U.S. stock markets are set to open sharply lower Monday, as the pneumonia-like virus in China continues to spread despite the concerted efforts of local authorities, which threaten to put a big near-term damper on the Chinese economy.
At 6:55 AM ET (1155 GMT), futures for the S&P 500 traded 49 points, or 1.5%, lower, futures for the Nasdaq 180 points, or 2%, lower, while the Dow 30 futures contract fell 449 points, or 1.6%.
Markets in mainland China and Hong Kong were closed, while Japan’s Nikkei index closed 2% lower. In Europe, Germany’s DAX, the FTSE 100 in the U.K. and France’s CAC 40 all dropped more than 2%.
Losses have also been severe in the oil complex, as traders fret about the impact on demand for crude from China, the world’s largest importer.
By 6:55 AM ET (1155 GMT), U.S. crude futures had slumped 3.1% to $52.52 and the international benchmark Brent contract had fallen 3% to $58.09.
The coronavirus outbreak in China has now killed 81 people and infected thousands and has already spread to more than 10 countries, including France, Australia and Singapore. The number of confirmed cases in the United States has risen to five.
The Chinese authorities have imposed travel restrictions, limited social gatherings and working hours and extended the Lunar New Year holidays nationally by three days to Feb. 2 to limit the spread of the virus.
“China’s health commission has said this morning that the epidemic is becoming more complicated to battle, said Peter Garnry, Head of Equity Strategy at Saxo Bank. “Our view is to respect the unknowns of viruses and that it comes with potential ugly nonlinearities.”
“From a tactical side traders should be on the short side in equities and the large gains from last year will likely be attempted to be locked in creating downside liquidity effects. For investors with a longer term view we believe reducing exposure somewhat or hedge market risk is a good precautionary step,” Garnry added.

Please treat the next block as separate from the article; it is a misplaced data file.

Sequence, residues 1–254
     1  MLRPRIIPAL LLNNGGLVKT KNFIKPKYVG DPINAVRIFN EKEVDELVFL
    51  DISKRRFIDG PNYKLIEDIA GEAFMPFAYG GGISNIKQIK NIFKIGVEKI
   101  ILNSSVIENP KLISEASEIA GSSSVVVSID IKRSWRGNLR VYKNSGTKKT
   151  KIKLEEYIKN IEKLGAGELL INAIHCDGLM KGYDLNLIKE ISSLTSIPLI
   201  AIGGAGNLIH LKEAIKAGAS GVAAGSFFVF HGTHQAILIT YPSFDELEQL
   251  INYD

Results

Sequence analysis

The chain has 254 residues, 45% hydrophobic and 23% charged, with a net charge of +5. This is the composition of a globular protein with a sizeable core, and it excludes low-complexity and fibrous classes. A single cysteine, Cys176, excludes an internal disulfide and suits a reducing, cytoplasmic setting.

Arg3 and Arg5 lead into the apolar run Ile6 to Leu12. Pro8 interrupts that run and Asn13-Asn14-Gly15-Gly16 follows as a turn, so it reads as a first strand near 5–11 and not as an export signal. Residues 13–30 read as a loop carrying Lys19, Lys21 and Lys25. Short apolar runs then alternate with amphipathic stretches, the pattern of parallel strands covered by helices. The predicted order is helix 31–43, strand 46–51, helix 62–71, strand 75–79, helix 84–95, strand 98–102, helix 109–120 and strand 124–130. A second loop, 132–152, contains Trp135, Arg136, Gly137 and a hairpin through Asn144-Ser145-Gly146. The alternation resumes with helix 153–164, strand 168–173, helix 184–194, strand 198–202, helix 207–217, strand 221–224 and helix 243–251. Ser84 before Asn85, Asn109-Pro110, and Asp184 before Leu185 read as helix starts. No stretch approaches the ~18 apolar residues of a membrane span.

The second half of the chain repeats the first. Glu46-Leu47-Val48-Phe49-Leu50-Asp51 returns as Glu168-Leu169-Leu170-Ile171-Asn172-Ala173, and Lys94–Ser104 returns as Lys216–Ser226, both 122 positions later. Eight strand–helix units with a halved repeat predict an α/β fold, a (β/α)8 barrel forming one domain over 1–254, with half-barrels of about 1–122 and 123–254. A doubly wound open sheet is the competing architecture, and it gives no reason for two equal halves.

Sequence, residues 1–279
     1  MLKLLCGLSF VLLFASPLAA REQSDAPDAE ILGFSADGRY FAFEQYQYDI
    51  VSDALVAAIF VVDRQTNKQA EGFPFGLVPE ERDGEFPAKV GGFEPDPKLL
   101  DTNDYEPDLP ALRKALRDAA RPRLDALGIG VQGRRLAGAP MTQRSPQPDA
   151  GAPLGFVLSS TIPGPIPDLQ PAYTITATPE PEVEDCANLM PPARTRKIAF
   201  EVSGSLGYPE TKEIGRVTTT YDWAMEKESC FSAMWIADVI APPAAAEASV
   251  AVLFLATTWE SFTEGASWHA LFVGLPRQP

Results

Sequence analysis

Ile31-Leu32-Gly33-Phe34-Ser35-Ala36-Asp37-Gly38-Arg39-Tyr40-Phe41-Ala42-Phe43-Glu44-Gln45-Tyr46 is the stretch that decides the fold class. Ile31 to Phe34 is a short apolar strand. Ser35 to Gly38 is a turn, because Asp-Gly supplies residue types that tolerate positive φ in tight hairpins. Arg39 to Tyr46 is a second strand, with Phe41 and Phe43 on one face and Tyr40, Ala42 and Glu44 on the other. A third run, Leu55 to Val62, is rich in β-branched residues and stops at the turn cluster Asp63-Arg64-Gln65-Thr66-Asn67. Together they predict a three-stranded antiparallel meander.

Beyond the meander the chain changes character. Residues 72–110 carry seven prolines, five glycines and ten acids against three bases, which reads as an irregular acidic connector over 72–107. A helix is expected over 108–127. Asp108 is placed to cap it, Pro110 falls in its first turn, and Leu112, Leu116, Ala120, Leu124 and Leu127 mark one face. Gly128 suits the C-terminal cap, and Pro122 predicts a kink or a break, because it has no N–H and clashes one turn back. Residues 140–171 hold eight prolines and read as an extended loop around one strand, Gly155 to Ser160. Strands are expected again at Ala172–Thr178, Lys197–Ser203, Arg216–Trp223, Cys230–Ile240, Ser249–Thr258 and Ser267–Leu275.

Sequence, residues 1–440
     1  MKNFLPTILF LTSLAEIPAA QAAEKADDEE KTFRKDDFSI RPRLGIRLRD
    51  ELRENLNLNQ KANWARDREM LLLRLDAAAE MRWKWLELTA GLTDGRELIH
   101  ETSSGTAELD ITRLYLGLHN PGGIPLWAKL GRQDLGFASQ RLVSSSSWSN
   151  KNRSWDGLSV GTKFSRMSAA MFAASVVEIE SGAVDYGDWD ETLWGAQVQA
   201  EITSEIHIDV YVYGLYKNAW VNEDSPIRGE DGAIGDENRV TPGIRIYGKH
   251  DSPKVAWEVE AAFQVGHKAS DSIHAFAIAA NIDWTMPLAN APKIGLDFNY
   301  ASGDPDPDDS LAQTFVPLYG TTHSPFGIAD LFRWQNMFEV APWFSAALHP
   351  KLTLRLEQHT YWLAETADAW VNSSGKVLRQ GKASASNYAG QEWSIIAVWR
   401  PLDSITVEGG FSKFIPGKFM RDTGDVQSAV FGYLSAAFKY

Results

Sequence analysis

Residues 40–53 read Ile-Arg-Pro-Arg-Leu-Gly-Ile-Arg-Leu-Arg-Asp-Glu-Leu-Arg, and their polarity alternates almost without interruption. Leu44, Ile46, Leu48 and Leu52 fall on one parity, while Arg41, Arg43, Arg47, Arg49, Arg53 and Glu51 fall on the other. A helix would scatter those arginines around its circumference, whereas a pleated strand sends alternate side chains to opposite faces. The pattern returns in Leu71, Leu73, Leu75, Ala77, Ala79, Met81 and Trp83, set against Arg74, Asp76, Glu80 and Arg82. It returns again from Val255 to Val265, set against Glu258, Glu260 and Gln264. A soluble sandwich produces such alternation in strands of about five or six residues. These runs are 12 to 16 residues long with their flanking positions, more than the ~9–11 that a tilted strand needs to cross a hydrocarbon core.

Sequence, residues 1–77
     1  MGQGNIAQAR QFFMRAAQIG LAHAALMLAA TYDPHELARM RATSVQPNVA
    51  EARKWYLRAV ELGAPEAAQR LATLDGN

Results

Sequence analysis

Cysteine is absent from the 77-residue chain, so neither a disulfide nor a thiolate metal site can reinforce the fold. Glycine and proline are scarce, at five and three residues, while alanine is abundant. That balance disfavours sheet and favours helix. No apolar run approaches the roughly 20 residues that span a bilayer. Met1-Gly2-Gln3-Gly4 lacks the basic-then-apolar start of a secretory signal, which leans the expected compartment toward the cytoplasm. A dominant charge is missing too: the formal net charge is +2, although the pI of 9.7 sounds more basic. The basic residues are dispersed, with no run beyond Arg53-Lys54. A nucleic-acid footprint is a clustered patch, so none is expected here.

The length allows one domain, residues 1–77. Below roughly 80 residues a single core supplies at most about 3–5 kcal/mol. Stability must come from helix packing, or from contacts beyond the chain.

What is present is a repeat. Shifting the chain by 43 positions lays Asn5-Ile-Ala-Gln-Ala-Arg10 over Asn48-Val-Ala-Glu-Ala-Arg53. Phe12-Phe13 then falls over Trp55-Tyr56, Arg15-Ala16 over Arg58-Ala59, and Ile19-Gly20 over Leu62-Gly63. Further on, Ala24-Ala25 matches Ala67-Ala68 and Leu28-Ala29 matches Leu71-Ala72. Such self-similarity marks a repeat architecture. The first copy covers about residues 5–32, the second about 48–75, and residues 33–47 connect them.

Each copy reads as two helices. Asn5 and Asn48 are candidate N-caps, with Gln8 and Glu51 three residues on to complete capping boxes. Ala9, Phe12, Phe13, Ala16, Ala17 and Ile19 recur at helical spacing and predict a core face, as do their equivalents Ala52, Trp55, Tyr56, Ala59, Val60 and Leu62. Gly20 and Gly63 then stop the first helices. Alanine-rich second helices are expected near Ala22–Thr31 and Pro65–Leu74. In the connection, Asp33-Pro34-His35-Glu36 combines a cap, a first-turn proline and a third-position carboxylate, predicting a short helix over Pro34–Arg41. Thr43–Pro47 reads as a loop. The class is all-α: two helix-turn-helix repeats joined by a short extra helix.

That said, volumes could be limited Monday as the week ahead holds a number of key influences.
Tech giants Facebook (NASDAQ:FB), Apple (NASDAQ:AAPL), Amazon (NASDAQ:AMZN) and Google parent Alphabet (NASDAQ:GOOGL) are all due to release their earnings this week for the final quarter of 2019, starting with Apple Tuesday.
The Federal Reserve is set to hold a rate-setting meeting this week, concluding on Wednesday. The central bank is widely expected to keep monetary policy on hold as policymakers continue to assess how the three rate cuts from 2019 are percolating through the economy.
Additionally, the impeachment trial of President Donald Trump continues. At the weekend, a New York Times report cited an unpublished manuscript from former national security adviser John Bolton saying Trump told him he wanted to freeze military aid to Ukraine – already approved by Congress – until its officials helped with investigations into the Biden family.
First-tier economic data are thin on the ground Monday, with December’s new home sales the main release, at 1000 AM ET